Season at a Glance: 1978 Bassmaster Trail – Part One

Some of the headlines from 1978 concerning the new 14-inch rule that B.A.S.S. imposed. From Bassmaster Magazine.

Some of the headlines from 1978 concerning the new 14-inch rule that B.A.S.S. imposed. From Bassmaster Magazine.

[Editor’s note: This is Part One of a four-part series on the 1978 Bassmaster Trail. Over the course of the next two weeks we’ll cover the 1978 season, the Classic qualifiers and the 1978 Bassmaster Classic.]

The 1978 Bassmaster Trail season would be one to go down in tournament fishing history. First off, between the end of the ’77 season and the start of the ’78 season, B.A.S.S. president Ray Scott decided to increase the length requirement for legal tournament bass from 12 inches to 14 inches. This new rule threw a wrench into the game that many of the top pros didn’t like. Here’s what some of them had to say: [Read more…]

Monday Trivia – Dopp Delivers (Mar 23, 2015)

Jim Dopp. Photo Bassmaster.

Jim Dopp. Photo Bassmaster.

Jim Dopp finished 13th in the 1999 Bassmaster Central Invitational on Table Rock Lake, and he’d competed in the 1998 Red Man All-American, so he was no rookie when he launched his boat for the 2000 Central Invitational on Table Rock. Indeed, the 48 year-old had fished the Ozarks-region lakes since he was a kid.

If he was nervous, it didn’t show. He was tied for 4th with eventual runner-up Mike McClelland after Day One, but then sacked 14-12 – the heaviest bag of the event – on Day Two to take a lead that he would not relinquish. McClelland made a late charge, but ultimately fell 22 ounces short of victory. He’d won back-to-back Invitationals in 1996, but would not win another B.A.S.S. tournament until the 2005 Open Championship. [Read more…]

Creme Hardbaits?

1962 Creme Lures ad featuring two short-lived hardbaits, the Mad-Dad and the Du-Dad.

1962 Creme Lures ad featuring two short-lived hardbaits, the Mad-Dad and the Du-Dad.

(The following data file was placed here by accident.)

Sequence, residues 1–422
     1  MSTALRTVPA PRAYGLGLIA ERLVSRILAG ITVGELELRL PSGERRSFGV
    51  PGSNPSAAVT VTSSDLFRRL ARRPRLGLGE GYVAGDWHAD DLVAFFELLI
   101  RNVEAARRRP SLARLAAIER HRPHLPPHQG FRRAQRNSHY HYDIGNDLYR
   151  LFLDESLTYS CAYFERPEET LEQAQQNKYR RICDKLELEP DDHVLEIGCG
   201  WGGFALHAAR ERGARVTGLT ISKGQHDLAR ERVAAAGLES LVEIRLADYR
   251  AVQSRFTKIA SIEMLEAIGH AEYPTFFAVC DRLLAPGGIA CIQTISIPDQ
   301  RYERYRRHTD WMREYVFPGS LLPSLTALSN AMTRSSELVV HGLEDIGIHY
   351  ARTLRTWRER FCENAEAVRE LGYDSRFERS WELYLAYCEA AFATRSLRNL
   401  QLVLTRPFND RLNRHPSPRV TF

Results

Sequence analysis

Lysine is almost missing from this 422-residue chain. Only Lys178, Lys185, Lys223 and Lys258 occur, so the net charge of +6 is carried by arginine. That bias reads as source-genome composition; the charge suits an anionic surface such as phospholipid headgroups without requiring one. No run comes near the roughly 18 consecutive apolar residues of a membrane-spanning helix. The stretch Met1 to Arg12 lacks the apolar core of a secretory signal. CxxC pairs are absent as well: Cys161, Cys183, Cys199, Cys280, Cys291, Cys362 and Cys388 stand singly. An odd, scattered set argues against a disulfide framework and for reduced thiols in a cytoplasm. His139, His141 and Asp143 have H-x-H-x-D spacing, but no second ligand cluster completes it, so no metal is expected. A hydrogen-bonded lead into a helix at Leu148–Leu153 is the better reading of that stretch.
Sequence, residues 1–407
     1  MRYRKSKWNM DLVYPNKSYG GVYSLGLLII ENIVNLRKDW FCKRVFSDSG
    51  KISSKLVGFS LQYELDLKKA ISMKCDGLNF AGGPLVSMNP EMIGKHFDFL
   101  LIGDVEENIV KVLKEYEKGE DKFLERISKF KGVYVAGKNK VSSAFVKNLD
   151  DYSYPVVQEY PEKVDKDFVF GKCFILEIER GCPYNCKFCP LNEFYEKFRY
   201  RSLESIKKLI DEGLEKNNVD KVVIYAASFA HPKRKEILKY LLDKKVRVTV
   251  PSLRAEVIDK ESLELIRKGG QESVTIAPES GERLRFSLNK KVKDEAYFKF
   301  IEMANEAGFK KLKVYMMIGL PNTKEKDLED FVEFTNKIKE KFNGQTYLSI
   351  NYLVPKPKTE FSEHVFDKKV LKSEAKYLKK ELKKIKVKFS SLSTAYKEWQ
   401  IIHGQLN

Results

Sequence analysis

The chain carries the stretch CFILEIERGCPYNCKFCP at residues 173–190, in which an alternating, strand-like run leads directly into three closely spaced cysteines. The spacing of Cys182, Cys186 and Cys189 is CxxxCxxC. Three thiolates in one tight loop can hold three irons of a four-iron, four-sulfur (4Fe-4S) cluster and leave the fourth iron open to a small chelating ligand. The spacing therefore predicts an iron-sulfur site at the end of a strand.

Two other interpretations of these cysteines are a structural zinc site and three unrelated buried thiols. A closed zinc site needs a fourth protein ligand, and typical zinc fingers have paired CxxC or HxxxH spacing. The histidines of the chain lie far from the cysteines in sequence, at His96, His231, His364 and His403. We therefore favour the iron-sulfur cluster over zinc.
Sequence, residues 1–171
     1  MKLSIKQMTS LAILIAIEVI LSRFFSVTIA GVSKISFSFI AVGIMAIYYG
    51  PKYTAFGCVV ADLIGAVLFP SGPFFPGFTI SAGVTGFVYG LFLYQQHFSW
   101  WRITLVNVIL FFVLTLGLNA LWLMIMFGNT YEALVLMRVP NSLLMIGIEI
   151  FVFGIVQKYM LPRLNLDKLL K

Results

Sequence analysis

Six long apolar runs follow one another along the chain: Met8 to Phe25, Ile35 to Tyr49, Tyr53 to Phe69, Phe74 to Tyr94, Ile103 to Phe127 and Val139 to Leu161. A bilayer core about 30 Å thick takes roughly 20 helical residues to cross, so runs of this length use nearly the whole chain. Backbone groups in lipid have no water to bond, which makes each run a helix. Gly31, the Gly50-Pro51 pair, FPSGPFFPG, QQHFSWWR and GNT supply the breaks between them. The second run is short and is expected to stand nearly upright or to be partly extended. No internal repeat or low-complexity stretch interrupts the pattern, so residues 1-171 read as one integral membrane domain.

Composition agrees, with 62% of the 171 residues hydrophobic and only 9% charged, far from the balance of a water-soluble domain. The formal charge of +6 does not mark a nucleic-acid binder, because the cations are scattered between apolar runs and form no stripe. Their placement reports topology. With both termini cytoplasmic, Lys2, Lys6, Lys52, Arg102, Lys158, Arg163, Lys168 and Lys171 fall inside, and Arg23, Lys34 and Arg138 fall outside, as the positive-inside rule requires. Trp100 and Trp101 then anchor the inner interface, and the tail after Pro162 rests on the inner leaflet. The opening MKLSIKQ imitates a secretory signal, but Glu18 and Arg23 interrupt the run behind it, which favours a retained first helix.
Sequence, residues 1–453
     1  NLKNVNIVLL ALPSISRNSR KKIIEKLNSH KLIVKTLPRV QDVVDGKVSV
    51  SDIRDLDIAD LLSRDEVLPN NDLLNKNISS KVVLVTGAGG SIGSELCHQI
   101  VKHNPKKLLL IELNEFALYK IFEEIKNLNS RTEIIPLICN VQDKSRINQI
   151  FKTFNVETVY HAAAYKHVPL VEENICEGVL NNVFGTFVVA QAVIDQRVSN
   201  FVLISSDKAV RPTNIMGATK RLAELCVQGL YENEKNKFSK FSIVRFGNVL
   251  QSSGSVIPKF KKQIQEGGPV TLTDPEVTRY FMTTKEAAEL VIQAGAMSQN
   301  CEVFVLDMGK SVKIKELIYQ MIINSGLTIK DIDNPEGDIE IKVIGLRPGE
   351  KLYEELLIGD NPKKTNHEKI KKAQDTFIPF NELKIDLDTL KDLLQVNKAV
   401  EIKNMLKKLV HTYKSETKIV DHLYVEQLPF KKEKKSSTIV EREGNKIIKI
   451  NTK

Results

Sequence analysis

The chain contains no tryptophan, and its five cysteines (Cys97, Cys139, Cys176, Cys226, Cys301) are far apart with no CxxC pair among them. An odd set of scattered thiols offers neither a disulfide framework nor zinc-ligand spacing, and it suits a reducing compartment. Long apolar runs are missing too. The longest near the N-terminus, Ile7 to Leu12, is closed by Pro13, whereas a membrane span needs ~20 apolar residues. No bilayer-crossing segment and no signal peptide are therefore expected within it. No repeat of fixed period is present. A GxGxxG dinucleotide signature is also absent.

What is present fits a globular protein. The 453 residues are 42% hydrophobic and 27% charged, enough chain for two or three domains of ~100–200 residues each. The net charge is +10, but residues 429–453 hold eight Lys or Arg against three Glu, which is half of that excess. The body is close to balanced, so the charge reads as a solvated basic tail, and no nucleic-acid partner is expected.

The name Creme has been associated with bass fishing since they developed (arguably) the first contemporary plastic worm in 1949. As the story goes, Nick Creme, from Akron, Ohio, fashioned a new worm from the newly formulated polymer, polyvinyl chloride (PVC). Prior to that, most artificial worms were made of rubber. Creme’s new worms were not only soft but came in a number of colors and were scented.

Not only did bass anglers like them better than the old tire treads they’d been used to, the bass loved them too. In fact, it’s said that at one of the first tackle shows where the products were revealed, Creme sold close to 10,000 packs. At four to a pack, that’s a lot of worms. [Read more…]

1963 World Series of Sport Fishing

The 1963 World Series of Sportfishing was won by Betty Mangold (women's division) and Ken White (men's division). Photo Don Fuelsch's 1963 Southern Angler's and Hunter's Guide.

The 1963 World Series of Sportfishing was won by Betty Mangold (women’s division) and Ken White (men’s division). Photo Don Fuelsch’s 1963 Southern Angler’s and Hunter’s Guide.

Before the Bassmaster Trail and way before the Bassmaster Classic there was only one fishing event that even came close to determining who the best angler in the world was. That event was Hy Peskin’s World Series of Sportfishing. We’ve talked about the WSOSF here before (a simple search to the right will bring up a few good stories) but only in an overall manner. Today we’re going to look at one specific event, the 1963 WSOSF, as written in Don Fuelsch’s Southern Angler’s and Hunter’s Guide. But, before we go there, here are some of the particulars of the WSOSF.